A defendant who claims self-defense to a charge of first-degree intentional homicide may use evidence of a victim's violent character and past acts of violence to show a satisfactory factual basis that he or she actually believed he or she was in imminent danger of death or great bodily harm and actually believed that the force used was necessary to defend himself or herself, even if both beliefs were unreasonable. State v. Head, 2002 WI 99, 255 Wis. 2d 194, 648 N.W.2d 413, 99-3071.

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    Yes, the 'reasonable fear' element of self-defense made plain.

    The elements of common law self-defense are four, be innocent of instigation, be in reasonable fear of bodily harm, use sufficient force only to deliver oneself from evil, attempt to withdraw.

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    Regular Member Interceptor_Knight's Avatar
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    Quote Originally Posted by Captain Nemo View Post
    Interesting.

    940.01 - ANNOT.
    A defendant who claims self-defense to a charge of first-degree intentional homicide may use evidence of a victim's violent character and past acts of violence to show a satisfactory factual basis that he or she actually believed he or she was in imminent danger of death or great bodily harm and actually believed that the force used was necessary to defend himself or herself, even if both beliefs were unreasonable. State v. Head, 2002 WI 99, 255 Wis. 2d 194, 648 N.W.2d 413, 99-3071.
    This assumes that the defendent knows of this violent past.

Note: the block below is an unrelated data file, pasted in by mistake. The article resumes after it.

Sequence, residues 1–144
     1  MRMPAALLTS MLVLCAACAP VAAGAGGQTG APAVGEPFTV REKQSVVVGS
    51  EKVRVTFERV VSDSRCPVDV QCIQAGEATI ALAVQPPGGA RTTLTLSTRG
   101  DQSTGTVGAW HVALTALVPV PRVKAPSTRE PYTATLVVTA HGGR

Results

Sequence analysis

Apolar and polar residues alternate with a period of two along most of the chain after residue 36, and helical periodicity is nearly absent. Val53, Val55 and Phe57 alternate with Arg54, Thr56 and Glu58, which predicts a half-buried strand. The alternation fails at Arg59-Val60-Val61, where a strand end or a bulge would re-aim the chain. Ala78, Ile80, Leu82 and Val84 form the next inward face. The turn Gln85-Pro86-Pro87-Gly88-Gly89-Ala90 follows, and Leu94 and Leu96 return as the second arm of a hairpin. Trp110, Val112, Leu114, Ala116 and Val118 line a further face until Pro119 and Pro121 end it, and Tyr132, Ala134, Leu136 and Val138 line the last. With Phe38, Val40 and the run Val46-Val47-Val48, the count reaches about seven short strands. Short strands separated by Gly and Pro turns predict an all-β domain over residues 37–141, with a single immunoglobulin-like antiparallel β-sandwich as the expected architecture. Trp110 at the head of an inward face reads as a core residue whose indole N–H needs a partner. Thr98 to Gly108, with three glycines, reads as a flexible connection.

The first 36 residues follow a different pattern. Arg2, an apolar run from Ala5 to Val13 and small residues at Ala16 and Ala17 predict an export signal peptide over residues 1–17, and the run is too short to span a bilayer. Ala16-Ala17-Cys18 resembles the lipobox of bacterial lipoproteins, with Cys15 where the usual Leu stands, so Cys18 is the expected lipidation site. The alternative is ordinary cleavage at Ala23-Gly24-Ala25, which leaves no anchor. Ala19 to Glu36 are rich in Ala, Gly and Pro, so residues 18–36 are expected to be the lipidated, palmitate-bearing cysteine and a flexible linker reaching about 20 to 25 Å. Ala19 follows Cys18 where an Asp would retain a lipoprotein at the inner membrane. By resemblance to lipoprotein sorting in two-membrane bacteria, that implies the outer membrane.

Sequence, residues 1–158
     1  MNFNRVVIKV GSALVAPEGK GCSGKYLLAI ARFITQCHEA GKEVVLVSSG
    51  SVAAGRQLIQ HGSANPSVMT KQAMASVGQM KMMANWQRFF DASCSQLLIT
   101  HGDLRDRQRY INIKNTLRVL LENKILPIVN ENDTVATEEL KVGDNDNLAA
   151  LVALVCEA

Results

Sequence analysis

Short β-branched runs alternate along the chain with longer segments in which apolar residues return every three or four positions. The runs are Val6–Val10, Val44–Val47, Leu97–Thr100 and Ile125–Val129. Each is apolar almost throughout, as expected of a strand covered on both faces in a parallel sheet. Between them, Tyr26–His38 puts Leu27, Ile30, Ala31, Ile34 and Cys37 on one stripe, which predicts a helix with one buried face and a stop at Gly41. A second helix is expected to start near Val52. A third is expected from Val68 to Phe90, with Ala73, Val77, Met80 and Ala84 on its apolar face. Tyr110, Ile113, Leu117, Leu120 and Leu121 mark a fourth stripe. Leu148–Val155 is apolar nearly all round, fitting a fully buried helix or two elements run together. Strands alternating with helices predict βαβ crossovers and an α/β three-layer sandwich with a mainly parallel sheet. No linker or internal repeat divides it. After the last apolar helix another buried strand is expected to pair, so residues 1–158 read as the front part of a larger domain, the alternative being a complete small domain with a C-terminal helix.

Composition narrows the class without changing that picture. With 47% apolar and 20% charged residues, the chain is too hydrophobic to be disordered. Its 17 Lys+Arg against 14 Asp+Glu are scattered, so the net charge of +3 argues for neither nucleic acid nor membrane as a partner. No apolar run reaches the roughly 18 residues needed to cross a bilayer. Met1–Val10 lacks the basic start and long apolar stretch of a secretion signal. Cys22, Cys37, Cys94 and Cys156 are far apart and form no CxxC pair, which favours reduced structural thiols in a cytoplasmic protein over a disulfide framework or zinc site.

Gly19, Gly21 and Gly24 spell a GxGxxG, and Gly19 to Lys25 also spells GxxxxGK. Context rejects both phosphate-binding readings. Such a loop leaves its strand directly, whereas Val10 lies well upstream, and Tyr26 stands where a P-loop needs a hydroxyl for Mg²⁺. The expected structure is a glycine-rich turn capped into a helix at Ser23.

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    6. Third, we hold that a defendant who claims self-defense to a charge of first-degree intentional homicide may use evidence of a victim's violent character and past acts of violence to show a satisfactory factual basis that she actually believed she was in imminent danger of death or great bodily harm and actually believed that the force used was necessary to defend herself, even if both beliefs were unreasonable.

    IK:
    The above is an excerpt from the WSC ruling in State v Head. It says nothing about knowing. It says use evidence.

  19. #19
    Regular Member Interceptor_Knight's Avatar
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    Quote Originally Posted by Captain Nemo View Post
    6. Third, we hold that a defendant who claims self-defense to a charge of first-degree intentional homicide may use evidence of a victim's violent character and past acts of violence to show a satisfactory factual basis that she actually believed she was in imminent danger of death or great bodily harm and actually believed that the force used was necessary to defend herself, even if both beliefs were unreasonable.

    IK:
    The above is an excerpt from the WSC ruling in State v Head. It says nothing about knowing. It says use evidence.
    Read it again. It states that the defendent may use this violent past as a factual basis that they believed they were in immenant danger.
    In other words, they believed that because of the victim's past and character that they were in danger. Because this person harmed others or themself in the past they believed that this person was going to harm them.
    It is not a get out of jail free card that you may kill a felon even if your belief that the force used to defend yourself was necessary if it is actually an unreasonable belief.